I am a farm girl, married to my high school sweetheart. We grew up on farms 9 miles apart and went through 12 years of school together. I liked him in grade school, but it took until we were Juniors in high school to get him interested in me as more than a friend. I have never lived more than 10 miles from home, except in college, but have travelled as far as France, Germany and Switzerland. We live on our own farm and have raised three of our six kids. The last three are growing up fast.
While looking for books for my insect class, I found this delightful one about a teenaged girl who studied the life cycle of butterflies during the middle ages, a time when spontaneous generation was the science of the day. People believed that insects were evil, born from the mud in a mysterious process. Maria Merian studied the life cycle of butterflies in secret for fear of being branded a witch. Delightful story, beautiful illustrations and interesting picture history book.
It's true, they scrubbed the floor. I just learned that they still talk about this party, even though they are in their mid to upper 20s now. (bottom pix, L to R: Angela M. Rachel L., __, Taryn G., Jenna H., Anna S.) This was the year we moved into our current house.
Here is one more version of the eggs and nests that I have been making for some of my friends. I wanted to put a spring/Easter quote with them. I made some with the saying written on a hang tag that I attached with a string. These had the quote on a long strip of paper with the ends glued together. The quote I used was edited from a longer one: "Our Lord has written the promise of the resurrection in every leaf of springtime."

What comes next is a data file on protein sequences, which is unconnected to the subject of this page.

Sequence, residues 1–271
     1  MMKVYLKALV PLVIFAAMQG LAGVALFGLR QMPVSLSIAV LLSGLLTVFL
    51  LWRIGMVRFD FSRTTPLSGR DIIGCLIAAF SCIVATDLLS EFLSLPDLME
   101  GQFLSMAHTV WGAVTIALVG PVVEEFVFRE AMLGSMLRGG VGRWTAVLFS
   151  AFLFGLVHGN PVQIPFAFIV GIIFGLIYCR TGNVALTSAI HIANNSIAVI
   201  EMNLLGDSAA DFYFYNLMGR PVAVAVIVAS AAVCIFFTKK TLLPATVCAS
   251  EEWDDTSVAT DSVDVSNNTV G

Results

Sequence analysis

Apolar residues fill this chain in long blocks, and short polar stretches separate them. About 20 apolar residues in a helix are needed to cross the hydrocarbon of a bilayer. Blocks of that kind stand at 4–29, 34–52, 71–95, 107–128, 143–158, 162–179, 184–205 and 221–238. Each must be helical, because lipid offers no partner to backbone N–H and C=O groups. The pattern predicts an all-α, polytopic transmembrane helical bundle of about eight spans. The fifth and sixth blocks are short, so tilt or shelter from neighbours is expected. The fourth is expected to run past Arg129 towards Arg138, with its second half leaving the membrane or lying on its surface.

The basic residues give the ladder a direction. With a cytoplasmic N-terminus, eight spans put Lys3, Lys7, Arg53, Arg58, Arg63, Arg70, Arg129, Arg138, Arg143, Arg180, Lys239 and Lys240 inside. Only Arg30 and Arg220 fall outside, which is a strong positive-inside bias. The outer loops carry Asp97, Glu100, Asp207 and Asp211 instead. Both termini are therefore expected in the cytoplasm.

I wanted to do a Spring project with my co-op class, so we made these little clay eggs. The kids chose colors, conditioned the clay and formed the eggs. After baking, we splattered them with acrylic paint. I read about how birds deposit the colors and spots on eggs as they are formed and it is fascinating.
At home I looked for a way to make some nests for our eggs. Because I have page scraps from cutting book initials, (here and here) I decided to try to use some of them to form nests. I KNEW I could find some uses for those cool leftovers.
Here is what I did: I cut thin strips of paper from the longest side of irregularly shaped book page scraps. I used a few smaller, wider scraps (randomly shaped) to make a base. The first nests I made were formed in rings cut from toiled paper tubes. To make larger nests, I used old jar lids as a form. Start with a piece of plastic wrap under the nest and on top of the lid, and brush the top of the base papers with a sloppy amount of Modge Podge. Glue would work too. Layer several scraps randomly on top of each other. Press down to mold them together. (above)
Scrunch and squeeze your pile of strips to rough them up and bend them a bit. Then grab a handful and twist it into a rough rope like collection of strands. Pick up and twist more in as needed, then loop them into a circle and sort of wrap the ends around each other. (below)